It’s a strategy that’s increasing in popularity every year. Figures released by the Human Fertilisation and Embryology Authority (HFEA), which regulates clinics and research, show a 93 per cent rise in frozen embryo transfer cycles between 2013 and 2018 — up from 13,421 to 25,889.
Last week, meanwhile, research published in the BMJ showed that frozen embryos are just as likely to result in a live birth as fresh embryos.
Indeed, maximising early harvesting, the Create Fertility clinic believes, may be the key to increasing the chances of older women conceiving through IVF and carrying a baby to term.
My decision wasn’t based on age alone, of course; this method also gave me the opportunity I needed to lose the weight and get as near as possible to my optimum size. Doing this so-called ‘freeze-all’ IVF was the perfect solution.
Alice (pictured) who shed 9lb after having Covid-19 at the start of lockdown, said it’s been hard not to snack while working from home
Despite such a huge incentive, it’s still been a tough slog to lose the weight. As well as cutting out junk food and all alcohol, I’ve been on green juice fasting retreats and at home I practise ‘intermittent fasting’, which means I try not to eat until noon and then eat dinner as early as possible, preferably before 7pm.
At the start of lockdown I actually got Covid-19 and, because I completely lost my sense of smell and taste, I barely ate anything. At my sickest, I lost 9 lb in the space of two weeks.
When I was well again, my appetite returned with a vengeance and it was harder not to snack while working from home.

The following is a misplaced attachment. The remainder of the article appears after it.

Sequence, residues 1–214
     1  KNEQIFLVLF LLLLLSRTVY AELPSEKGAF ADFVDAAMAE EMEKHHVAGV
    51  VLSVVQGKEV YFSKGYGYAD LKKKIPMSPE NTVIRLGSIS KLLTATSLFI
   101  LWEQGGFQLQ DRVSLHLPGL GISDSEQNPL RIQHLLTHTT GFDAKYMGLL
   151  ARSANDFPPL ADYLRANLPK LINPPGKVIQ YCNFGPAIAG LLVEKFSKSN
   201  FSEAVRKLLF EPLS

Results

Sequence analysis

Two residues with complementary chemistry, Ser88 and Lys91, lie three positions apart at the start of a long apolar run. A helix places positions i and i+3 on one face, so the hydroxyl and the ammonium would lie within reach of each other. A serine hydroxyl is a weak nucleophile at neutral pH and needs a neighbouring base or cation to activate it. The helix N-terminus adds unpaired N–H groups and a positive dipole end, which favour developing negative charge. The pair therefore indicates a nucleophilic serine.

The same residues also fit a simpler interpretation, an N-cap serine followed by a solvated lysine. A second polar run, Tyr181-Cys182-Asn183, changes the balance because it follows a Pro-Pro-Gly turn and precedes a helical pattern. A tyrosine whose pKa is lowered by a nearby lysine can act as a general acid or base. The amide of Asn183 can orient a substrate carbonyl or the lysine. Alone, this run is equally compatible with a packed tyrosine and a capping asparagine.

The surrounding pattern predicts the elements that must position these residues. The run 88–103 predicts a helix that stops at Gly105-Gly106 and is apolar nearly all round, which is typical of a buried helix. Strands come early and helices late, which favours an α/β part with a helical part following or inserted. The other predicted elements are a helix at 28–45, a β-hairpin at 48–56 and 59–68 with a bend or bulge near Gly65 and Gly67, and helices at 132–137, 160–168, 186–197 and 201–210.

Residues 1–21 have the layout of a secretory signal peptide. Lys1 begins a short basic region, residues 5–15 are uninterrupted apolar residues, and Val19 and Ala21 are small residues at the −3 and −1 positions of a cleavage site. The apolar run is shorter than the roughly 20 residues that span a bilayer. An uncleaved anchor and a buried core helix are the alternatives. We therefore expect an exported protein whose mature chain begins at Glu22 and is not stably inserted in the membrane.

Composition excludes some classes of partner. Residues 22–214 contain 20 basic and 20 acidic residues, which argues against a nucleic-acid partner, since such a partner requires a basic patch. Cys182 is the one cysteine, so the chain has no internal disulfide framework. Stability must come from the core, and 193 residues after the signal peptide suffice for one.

Whenever I was tempted, I tried hard to remind myself that the stakes are much higher for me than just getting into a smaller dress size.
It’s only a matter of weeks now until the next embryo transfer is scheduled. We’re opting for only one at a time because I don’t want to put undue strain on my body by increasing the chance of twins. However, if I have a successful pregnancy, I’ll keep any remaining embryos in the hope of trying for a second child when I’m 45.
My embryos are graded on quality and there is a particularly robust-looking one described as ‘very good’. That’s the one I’ll have implanted first, and it’s also the one I imagine actually becoming my child.
I daren’t picture how he or she might look. My partner worries I’m tempting fate even when I say such things as: ‘When we have our baby …’
Alice (pictured) said she doesn’t want to imagine what will happen if none of the embryos leads to a successful pregnancy
Crazy though it may sound to anyone who hasn’t gone through it, I’ve spent more hours than I care to admit watching a time-lapse video of our embryos which the clinic made for me using the very latest embryoscope technology.
It shows them growing and turning into blastocysts, the more complex cell-rich stage they reach five days after fertilisation. These videos are so precious to me. For now, at least, they are the only connection I have to what I hope will one day be our children.
So far, we’ve spent around £40,000 on our IVF journey, but as far as I’m concerned, any amount of money is worth it if this works for us. My wonderful parents have made a big contribution — they already have three grandchildren and another on the way courtesy of my little sister, but they know how much this means to me.
Sometimes my dear little nieces and nephew ask me: ‘Why aren’t you somebody’s mummy?’ And I reply that I’d love to be one day, but it just hasn’t happened yet.
I know that when it does, I’ll be a good one because I’ve waited so long and tried so hard.
It’s my fervent hope that I’ll be in the family way this Christmas, if not with this next embryo then with one of the other four.
I’m a great believer in thinking positively, so I don’t want to imagine what will happen if none of the embryos leads to a successful pregnancy. Another attempt at egg extraction, egg donation or adoption are all possibilities.
But for now, at least, I’ll keep directing all my motherly love towards those five little ‘babies’ waiting in the clinic deep-freeze, ready to be given the gift of life.
As told to Helen Carroll